Nicola Sturgeon has given an update on the continued easing of lockdown in Scotland.
The first minister announced that schools will reopen fully after the Easter break, and that the Moderna vaccine will begin to be rolled out over the coming months.
But she also urged caution, stressing that the virus was “down but not out”.
Sturgeon warned Scots that there is still a risk of Covid-19 spikes, as are being seen in other countries, despite relatively low numbers north of the border.
She told the coronavirus briefing in Edinburgh: “In total, cases have now fallen by 80% since early January when of course they were at a particularly high level, the number of deaths has fallen even more sharply than that and as you can see from the numbers I reported earlier the number of people in hospital and intensive care is reducing.”
But she added: “Covid is down in Scotland, you can see that from the figures, but as we can still see here and more starkly in more parts of the world, Covid is not out.
“It is a virus that is very much still with us.
“Here in Scotland we are still seeing hundreds of people every day testing positive for it and almost all of the new cases that we are seeing reported now in Scotland are of the new variant that emerged just before Christmas and as we know that variant is more infectious than the variants we were dealing with earlier this year.”
Schools to reopen fully
Schools in Scotland will reopen fully after the Easter break.
Sturgeon said: “Having assessed the data with the input of our clinical advisers, when the Easter holidays end virtually all pupils will return to school full time, so secondary schools after Easter will go back to in-person, full-time learning.
“The one exception to this is children that are on the shielding list, we are continuing to recommend that they stay at home until April 26 and that’s in line with the advice already received from the chief medical officer.”
The first minister added: “This, I know, will be a huge relief to many children and young people and of course to many parents and carers and as I said a moment ago, by the end of April we want to see children on the shielding list get back to school in person as well.”
Every person in Scotland will be able to get tested for Covid-19 twice a week, Nicola Sturgeon has said.
The First Minister announced the programme, mirroring a similar initiative in England, at the coronavirus briefing in Edinburgh.
She said: “This testing will be in addition to and will supplement the additional testing routes that are in place in priority areas.”
She added: “This more universal approach to asymptomatic testing will allow us to assess the impact that might have on further suppressing transmission.”
The system will use lateral flow tests and more detail will be provided by the Scottish Government later this week, Sturgeon said.
No deaths for fourth day running
Scotland has recorded no deaths of Covid-19 patients for the fourth day running.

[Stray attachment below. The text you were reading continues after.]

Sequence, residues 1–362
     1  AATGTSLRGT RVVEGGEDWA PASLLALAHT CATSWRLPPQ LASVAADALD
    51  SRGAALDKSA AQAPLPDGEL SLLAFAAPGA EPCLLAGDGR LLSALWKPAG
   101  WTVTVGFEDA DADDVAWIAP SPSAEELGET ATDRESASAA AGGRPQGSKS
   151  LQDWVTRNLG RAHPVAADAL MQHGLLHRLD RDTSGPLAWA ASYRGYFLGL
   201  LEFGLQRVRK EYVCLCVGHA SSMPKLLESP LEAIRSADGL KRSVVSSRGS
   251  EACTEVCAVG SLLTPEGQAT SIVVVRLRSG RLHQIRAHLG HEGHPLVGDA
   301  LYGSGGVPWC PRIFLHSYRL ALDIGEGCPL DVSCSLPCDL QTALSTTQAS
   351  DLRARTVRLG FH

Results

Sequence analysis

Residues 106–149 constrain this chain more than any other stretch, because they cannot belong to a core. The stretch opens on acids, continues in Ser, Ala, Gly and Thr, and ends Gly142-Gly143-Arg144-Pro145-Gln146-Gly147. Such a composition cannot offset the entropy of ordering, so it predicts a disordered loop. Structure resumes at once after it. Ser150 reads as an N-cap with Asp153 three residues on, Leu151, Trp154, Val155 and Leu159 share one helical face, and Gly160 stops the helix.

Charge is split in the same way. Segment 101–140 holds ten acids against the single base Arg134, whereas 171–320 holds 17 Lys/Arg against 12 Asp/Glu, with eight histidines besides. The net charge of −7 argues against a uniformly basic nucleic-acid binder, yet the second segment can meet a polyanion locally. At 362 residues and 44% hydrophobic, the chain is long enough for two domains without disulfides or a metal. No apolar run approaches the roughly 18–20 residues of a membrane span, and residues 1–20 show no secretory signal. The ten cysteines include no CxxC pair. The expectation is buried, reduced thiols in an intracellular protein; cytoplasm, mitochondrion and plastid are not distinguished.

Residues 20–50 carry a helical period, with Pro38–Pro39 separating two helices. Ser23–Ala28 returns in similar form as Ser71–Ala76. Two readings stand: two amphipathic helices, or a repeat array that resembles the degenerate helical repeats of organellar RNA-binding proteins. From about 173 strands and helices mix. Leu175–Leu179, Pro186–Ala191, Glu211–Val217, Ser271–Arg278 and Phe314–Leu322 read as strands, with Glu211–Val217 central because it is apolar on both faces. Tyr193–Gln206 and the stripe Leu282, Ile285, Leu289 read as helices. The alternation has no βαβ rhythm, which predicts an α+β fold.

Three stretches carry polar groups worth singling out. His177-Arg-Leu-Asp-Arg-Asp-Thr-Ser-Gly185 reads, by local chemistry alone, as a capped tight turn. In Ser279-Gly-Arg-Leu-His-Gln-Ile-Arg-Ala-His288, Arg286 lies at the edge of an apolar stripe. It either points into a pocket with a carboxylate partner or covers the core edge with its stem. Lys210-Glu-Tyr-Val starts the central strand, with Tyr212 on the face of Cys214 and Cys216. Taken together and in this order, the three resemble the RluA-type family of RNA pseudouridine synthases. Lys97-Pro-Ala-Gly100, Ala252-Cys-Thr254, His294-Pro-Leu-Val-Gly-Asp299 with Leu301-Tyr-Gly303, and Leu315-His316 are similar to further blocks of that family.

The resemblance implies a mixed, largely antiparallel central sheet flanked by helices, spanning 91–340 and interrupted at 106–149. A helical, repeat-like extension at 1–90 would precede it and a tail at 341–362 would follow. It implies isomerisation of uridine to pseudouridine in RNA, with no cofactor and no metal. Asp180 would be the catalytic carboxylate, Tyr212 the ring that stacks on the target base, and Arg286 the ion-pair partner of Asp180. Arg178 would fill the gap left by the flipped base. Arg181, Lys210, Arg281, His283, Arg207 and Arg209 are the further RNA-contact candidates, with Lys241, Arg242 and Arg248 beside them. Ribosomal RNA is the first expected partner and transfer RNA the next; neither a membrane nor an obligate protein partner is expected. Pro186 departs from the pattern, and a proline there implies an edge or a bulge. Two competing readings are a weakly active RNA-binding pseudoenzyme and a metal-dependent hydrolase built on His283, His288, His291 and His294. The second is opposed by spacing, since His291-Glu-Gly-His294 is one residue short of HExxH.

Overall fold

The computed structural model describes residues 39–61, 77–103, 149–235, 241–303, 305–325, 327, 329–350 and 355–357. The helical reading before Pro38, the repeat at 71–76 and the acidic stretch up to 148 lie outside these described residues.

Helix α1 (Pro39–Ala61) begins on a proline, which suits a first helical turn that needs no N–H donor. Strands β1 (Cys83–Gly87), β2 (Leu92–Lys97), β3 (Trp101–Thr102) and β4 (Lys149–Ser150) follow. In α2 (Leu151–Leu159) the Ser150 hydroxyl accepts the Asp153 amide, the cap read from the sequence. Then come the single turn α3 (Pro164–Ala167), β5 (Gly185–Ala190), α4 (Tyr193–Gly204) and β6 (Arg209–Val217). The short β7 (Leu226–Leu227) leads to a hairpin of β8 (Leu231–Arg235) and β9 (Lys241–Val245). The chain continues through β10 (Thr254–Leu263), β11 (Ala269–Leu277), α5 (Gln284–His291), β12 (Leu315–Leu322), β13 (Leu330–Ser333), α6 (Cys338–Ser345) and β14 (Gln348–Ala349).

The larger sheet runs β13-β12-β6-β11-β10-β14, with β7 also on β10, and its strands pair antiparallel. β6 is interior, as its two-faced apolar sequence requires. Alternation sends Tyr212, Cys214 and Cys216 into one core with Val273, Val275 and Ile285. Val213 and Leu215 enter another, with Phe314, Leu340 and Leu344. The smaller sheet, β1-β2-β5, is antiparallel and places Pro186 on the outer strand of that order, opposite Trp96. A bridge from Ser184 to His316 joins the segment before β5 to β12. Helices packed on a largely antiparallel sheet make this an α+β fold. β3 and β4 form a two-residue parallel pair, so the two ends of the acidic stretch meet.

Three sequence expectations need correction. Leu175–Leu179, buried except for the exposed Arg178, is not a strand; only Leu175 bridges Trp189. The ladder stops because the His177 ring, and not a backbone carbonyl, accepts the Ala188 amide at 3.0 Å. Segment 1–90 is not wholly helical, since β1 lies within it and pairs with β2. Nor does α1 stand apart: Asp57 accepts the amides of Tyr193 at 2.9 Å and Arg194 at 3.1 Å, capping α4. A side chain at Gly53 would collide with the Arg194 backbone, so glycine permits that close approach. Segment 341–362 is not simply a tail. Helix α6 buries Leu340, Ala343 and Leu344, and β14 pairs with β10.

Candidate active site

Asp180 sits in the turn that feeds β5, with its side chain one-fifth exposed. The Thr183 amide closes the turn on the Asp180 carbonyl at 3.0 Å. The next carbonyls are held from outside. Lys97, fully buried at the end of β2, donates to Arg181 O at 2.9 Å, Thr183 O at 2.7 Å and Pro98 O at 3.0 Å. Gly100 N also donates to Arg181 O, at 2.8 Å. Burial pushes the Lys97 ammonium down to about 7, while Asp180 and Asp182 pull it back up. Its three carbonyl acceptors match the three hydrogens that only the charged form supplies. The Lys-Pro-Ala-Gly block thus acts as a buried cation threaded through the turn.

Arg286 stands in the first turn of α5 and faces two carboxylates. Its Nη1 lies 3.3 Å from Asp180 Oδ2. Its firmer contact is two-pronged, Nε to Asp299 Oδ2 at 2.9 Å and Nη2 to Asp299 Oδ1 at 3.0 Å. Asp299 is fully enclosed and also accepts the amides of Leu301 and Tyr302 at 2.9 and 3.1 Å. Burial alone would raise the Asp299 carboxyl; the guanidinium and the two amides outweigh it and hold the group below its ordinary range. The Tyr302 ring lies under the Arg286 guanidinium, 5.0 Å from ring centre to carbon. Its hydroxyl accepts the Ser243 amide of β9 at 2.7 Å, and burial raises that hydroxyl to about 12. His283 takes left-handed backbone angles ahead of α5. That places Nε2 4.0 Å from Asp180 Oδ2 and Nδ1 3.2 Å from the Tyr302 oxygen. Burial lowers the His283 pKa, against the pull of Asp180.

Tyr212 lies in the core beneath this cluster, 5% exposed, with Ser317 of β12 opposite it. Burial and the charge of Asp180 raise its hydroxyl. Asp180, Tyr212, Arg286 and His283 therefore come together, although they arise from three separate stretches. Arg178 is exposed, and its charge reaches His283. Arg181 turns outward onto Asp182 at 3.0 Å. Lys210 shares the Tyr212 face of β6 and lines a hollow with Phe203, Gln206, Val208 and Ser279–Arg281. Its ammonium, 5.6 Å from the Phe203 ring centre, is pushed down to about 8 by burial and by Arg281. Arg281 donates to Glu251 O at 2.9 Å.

The death toll under this measure – of people who first tested positive for the virus within the previous 28 days – remains at 7,614.
Sturgeon stressed that deaths registered are often lower at the weekends, adding that 259 people tested positive for the virus in the past 24 hours, giving a daily test positivity rate of 2%, down from 2.5% on Monday.
Of the new cases, 93 were in the NHS Greater Glasgow and Clyde area, with 44 in NHS Lothian and 32 in NHS Lanarkshire, and the rest split over six other health boards.
The numbers of Covid-19 patients in hospital in Scotland has fallen to 196, 19 fewer than before the Easter break.
Of these patients, the number in intensive care remains the same as prior to the Easter break at 21.
The first minister said 2,577,816 people have received the first dose of a Covid-19 vaccination and 463,780 have received their second dose.
The first batch of newly approved Moderna vaccines arrived in Scotland on Monday, with Scotland due to receive more than one million of the 17 million doses ordered by the UK.
Sturgeon said that the doses have already been factored into forward planning for the vaccination programme, and will be delivered over the coming months, adding: “The fact that we now have three vaccines in use is clearly very welcome and it does give us greater security of supply which is welcome.”
Meanwhile, the Valneva Covid-19 vaccine, which is set to be manufactured in Livingston, produces a “strong immune response”, health secretary Matt Hancock has said.
Data from an early-stage phase one/two study involving 153 people showed promising results for the jab, paving the way for phase three clinical trial.
The vaccine was safe and generally well tolerated, with no safety concerns identified by an independent data safety monitoring board.
The company said the results showed the vaccine was “highly immunogenic with more than 90% of all study participants developing significant levels of antibodies” to the Covid virus spike protein.
The vaccine also induced T-cell responses, which help the body fend off a virus and play a role in long-lasting immunity.
Boris Johnson said the findings were “very promising news” and the jab would be a “crucial weapon” against the disease providing it gained approval by regulators.
And Hancock said: “The UK Government has funded these clinical trials and it is fantastic to see Valneva’s vaccine produces a strong immune response.
“This vaccine will be made onshore in Livingston in Scotland, giving another boost to British life science, and if approved will play an important role in protecting our communities.
“I look forward to seeing the results of the upcoming phase three trial.”
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